Public debt: Each Ugandan is now indebted to a tune of Shs2.5m 

Funding pressures continue to push government into acquiring more expensive debt despite signals of the existence of distress.  Photo / File 

What you need to know:

  • Public debt will surpass the Shs100 trillion mark by June 2025 as government intends to borrow Shs13 trillion in the 2024/25 financial year 

A public debt analysis published by the International Monetary Fund indicates that each Ugandan is now indebted to a tune of Shs2.5m. 

The analysis authored by Mr Amos Sanday, a research associate at the Economic Policy Research Centre, Makerere University, titled: Uganda’s Public Debt Dilemma: What Lies Ahead in 2024, notes that as of June 2023, according to the 2022/23 Auditor General’s report, public debt had risen to unprecedented levels, increasing to Shs96.1 trillion ($25.3b), of which Shs44.6 trillion was domestic, while 52.8 trillion was external debt.  

“Each of the 45 million Ugandans is now indebted to the tune of Shs2.5m. Rising public debt coupled with growing debt servicing costs, stagnating domestic tax revenues, and declining export revenues are putting Uganda in debt distress and at greater risk of a debt crisis,” Mr Sanday wrote, noting that the country faces a critical challenge as interest payments on loans now consume a significant portion of the budget and domestic revenues. 

Details in the Bank of Uganda December 2023 report indicate that escalating debt servicing costs continue to strain revenue collection, with at least Shs32 out of every Shs100 collected going towards debt servicing. 

Efforts to get a comment from the Ministry of Finance proved futile by press time. 

Mr Patrick Ocailap, the Ministry of Finance deputy secretary to the Treasury, referred Monitor to the Public Debt and Other Financial Liabilities Framework 2023/28, which indicated that government had previously not fully implemented some provisions under the framework such as setting borrowing thresholds and interest rate controls, resulting into a downgrade of the country’s risk position.  

“Uganda’s overall risk of debt distress has shifted from low to a moderate level and Fitch, a credit rating agency, has revised Uganda’s credit rating from B+ Stable to a negative outlook,” the report released on Monday, reads in part, noting that development partners were also now closely monitoring the countries’ borrowing capacity in areas such as debt management, fiscal sustainability and debt transparency. 

Uganda continues to experience rapid growth in public debt due to multiple financing pressures. Debt is expected to surpass the Shs100 trillion mark by June 2025. 

Data contained in the 2024/2025 financial year Budget Framework Paper, indicate that government will borrow at least Shs13 trillion in the next financial year, which will be Shs1.5 trillion higher than the Shs11.5 trillion expected to be borrowed by the end of this financial year.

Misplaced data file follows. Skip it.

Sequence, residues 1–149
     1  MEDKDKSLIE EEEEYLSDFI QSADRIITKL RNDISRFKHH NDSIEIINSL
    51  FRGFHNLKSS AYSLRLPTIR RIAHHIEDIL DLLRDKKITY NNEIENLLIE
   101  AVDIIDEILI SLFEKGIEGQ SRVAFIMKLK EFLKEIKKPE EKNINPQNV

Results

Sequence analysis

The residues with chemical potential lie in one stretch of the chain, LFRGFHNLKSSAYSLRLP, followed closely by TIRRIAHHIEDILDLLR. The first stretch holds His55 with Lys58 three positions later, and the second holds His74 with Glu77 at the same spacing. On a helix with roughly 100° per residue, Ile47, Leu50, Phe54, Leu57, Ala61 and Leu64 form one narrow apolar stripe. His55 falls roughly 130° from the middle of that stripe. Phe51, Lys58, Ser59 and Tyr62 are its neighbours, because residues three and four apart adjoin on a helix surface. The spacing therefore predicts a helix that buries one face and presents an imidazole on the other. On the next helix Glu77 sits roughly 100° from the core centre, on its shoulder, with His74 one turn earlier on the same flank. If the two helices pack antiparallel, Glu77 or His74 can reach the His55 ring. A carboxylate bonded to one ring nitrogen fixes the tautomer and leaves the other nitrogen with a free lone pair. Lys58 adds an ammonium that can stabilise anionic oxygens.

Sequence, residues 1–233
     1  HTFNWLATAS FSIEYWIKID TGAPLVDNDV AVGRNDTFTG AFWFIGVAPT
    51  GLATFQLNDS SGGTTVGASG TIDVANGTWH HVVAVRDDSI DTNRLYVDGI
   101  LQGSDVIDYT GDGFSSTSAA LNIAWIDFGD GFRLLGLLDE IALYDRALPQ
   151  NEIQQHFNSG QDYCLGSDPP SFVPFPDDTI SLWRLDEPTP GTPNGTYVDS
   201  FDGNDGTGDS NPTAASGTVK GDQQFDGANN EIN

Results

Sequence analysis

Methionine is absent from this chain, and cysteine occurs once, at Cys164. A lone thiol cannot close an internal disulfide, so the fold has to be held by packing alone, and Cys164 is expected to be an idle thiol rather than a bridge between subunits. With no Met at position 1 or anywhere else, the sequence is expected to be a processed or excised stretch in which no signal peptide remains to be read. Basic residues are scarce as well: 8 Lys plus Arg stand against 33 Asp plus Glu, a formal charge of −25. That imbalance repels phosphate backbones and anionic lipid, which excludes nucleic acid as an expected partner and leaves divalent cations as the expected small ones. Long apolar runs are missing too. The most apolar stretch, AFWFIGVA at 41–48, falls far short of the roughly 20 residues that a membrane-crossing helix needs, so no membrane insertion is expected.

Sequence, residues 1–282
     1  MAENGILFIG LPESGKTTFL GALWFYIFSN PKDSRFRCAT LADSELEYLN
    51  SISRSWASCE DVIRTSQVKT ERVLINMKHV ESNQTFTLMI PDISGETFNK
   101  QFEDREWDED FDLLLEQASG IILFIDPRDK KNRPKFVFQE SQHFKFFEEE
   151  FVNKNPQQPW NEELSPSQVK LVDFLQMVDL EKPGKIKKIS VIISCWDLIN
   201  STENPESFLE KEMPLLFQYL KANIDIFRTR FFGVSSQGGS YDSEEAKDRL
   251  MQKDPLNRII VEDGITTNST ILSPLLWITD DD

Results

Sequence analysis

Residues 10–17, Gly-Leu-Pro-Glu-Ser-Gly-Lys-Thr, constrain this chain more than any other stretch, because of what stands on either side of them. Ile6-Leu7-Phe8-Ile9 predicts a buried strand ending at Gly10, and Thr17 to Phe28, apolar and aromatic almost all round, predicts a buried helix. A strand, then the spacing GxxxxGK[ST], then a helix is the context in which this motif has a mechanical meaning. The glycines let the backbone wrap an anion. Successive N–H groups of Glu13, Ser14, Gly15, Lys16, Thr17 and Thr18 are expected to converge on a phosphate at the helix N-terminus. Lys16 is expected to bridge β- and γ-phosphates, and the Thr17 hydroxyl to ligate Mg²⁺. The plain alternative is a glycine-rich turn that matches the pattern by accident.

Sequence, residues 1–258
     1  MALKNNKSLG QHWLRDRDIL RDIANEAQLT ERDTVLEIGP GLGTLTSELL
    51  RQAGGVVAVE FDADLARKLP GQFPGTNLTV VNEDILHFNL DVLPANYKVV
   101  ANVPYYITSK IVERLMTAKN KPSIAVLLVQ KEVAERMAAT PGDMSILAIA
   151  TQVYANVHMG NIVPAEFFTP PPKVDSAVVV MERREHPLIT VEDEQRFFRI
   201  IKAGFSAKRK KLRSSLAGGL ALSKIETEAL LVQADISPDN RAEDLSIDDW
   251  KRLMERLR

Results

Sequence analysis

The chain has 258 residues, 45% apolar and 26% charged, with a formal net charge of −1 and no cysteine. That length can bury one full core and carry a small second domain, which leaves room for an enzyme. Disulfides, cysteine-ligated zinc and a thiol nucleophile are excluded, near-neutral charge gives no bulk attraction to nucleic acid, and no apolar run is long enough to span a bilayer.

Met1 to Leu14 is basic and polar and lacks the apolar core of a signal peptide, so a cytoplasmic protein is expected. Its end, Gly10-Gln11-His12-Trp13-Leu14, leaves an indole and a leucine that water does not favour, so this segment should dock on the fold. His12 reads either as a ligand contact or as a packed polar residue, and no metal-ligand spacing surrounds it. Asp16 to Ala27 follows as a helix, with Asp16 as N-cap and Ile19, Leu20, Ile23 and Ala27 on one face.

Mr Sanday, however, noted that the increasing debt distress, which has strained domestic revenue, was not unique to Uganda, highlighting that a recent International Debt Report by World Bank had indicated that “record debt levels, coupled with high-interest rates have set many countries on a path to crisis”, because “every quarter that interest rates stay high, results in developing countries becoming distressed - and facing the tough choice of servicing debts or investing in priority sectors.  

While speaking at a pre-budget dialogue organised by Civil Society Budget Advocacy Group recently, Finance Minister Matia Kasaija said that whereas there was an increase in funding pressures, government would not borrow indefinitely to risk the country’s sovereignty.

“Almost every Monday when Cabinet sits there are new demands for supplementary budgets. Now, I have learnt to politely keep quiet. Even when the President says  Kasaija find money for this … I say yes, but I don’t do anything because there is no money and I will not borrow indefinitely,” he said.    Government, Mr Sanday wrote, continues to experience mounting funding pressures, against stagnation or decline in domestic revenue, which has pushed the state into more borrowing to fund a shift in spending toward infrastructure and close the gap created by the after-effects of Covid-19. 

Data indicates that as of June 2019, Uganda’s public debt stood at 34.6 percent of gross domestic product but has surged to above 50 percent and is projected to further increase to about 53 percent in the current financial year, which is above the IMF recommended threshold of 50 percent for low-income countries. 

Financing pressures have also resulted from a drop in aid, budget support, and development assistance from development partners, which has pushed government into acquiring expensive loans to fund recurrent expenditures. 

Thus, Mr Sanday wrote that rising public debt has led to growing public anxieties and sparked concerns about potential sovereign default and a debt crisis if the current trend is not promptly addressed.  

Debt trap 

High public debt, Mr Sanday warned, has the potential to hamper economic growth and curtail public and private investment, given that resources could be diverted from critical and priority sectors of the economy to servicing debt. 

“If current public debt trends are not controlled, debt financing turbulences could emerge in 2024. Growing evidence suggests that Uganda may become caught up in a “public debt safety trap” where a favorable debt position, largely based on traditional sustainability metrics, falsely signals that the country has more fiscal headroom to borrow,” he said.

Dr Fred Muhumuza, an economist and a lecturer at Makerere University, said yesterday in a brief phone conversation that there was a high possibility that Uganda was nearer to getting into a debt trap if the country has not reached there yet. 

“I believe we are now in a debt trap,” he said.